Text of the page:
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Executive Summary for May 6th

In this weekly roundup, we analyze key developments in the California drought including how candidates for the U.S. House and Senate view California water issues. We also look at why El Niño rains may make this year’s fire season worse.

Published on May 6, 2016 Read time Approx. 3 minutes

The Politics of Water

National political races are heating up – both in the presidential contest and for House and Senate seats in California. And of course water is one of the issues candidates are hotly debating.

Vying for Barbara Boxer’s Senate seat, Democrats Kamala Harris and Loretta Sanchez gave opposing views on the Endangered Species Act.

Last week Sanchez grabbed headlines when she said that amending the Endangered Species Act was a possibility, and “everything needs to be on the table when we go in to find a solution,” according to the Sacramento Bee. The paper also reported that Sanchez “wants to take a broader approach that calls for continued conservation measures, increased storage sites and the construction of Gov. Jerry Brown’s twin Delta tunnels project to move water south.”

Harris, however, said she wasn’t in favor of weakening the Endangered Species Act, and that both the environment and agriculture can be protected.

“Harris and Sanchez both generally favor Gov. Jerry Brown’s controversial twin tunnels water-diversion plan,” the Sacramento Bee reported. “However, their answers diverge sharply on two proposed reservoirs that have been central to the water discussion for more than a decade.”

In the race for the House seat in the 10th Congressional District (now held by Republican Representative Jeff Denham), several challengers attended a forum this week in the Central Valley, which was hosted by the League of Women Voters, and water was a hot topic there as well.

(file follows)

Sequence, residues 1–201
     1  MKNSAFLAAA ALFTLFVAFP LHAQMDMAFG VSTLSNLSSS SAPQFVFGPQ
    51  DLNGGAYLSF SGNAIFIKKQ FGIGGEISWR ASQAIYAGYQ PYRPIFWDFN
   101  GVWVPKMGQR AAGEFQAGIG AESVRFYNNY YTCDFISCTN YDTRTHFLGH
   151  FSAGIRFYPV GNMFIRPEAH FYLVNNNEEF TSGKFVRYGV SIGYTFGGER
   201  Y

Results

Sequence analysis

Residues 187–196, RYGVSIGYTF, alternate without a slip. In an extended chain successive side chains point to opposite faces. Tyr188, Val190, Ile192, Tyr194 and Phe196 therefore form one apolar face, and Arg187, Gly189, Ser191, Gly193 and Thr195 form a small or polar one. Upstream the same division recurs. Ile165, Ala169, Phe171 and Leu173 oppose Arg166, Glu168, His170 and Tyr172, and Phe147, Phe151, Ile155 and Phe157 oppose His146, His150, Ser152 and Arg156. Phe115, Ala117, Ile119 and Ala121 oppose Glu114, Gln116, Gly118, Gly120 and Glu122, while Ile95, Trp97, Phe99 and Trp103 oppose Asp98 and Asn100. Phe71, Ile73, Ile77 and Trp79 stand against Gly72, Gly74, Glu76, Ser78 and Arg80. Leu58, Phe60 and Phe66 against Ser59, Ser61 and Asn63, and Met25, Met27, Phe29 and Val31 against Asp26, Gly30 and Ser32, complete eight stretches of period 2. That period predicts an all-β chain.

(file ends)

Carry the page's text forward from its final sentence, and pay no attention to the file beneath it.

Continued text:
Robert Hodges, a farmer of almonds and forage crops, said that desalinization plants (for both coastal and inland communities) could help with California’s water issues.

Two other challengers weighed in: Michael Eggman, a beekeeper and almond farmer, and Michael J. Barkley, a lawyer and rancher.

The Turlock Journal reported, “While Eggman believes desalinization is a viable option as well, he also hopes to fund acclimation systems and upgrade irrigation systems — none of which Denham has done, he said. Barkley plans to produce an additional 36 to 44 million acre feet of storage with no tunnels, reducing the risk of flooding in the area but solving the water needs of farmers, cities and the entire Southwestern United States.”

El Niño Makes Fire Season Worse

It would seem that with some parts of the state actually getting some good rain this year, it would help as we head into the worst of California’s fire season. But the opposite is true.

This winter’s rain has helped some new vegetation grow that could serve as kindling for already dry forests that in many places also have record numbers of dead trees, as the Los Angeles Times reported. At least 29 million trees in the central and southern Sierra are dying thanks to a bark beetle infestation.

“One of the guys says this is the most grass they’ve seen in this area in many years. It’s thick and getting taller and we had rain today,” Amy Head, spokeswoman for the California Department of Forestry and Fire Protection, told the paper. “Between just a normal everyday fire season, the increased grass crop, the bark beetles, it could be a very busy fire season.”

Water Quality in the Delta

State Senator Lois Wolk is leading the charge for the State Water Resources Control Board to set new water quality standards for the Delta in an effort to protect fish and other wildlife.

On Tuesday, Wolk and 10 other state legislators sent a letter to the Water Board saying, “Under federal and state law, the State Board is required to review the [Water Quality Control Plan] every three years, but has yet to complete any update from as far back as 1995. The Board initiated its current review of the standards in 2009, but six years later has yet to adopt any amendments.”

The letter contends that the Delta estuary is at risk and in need of updated standards to protect fish and other wildlife, as well as water quality.

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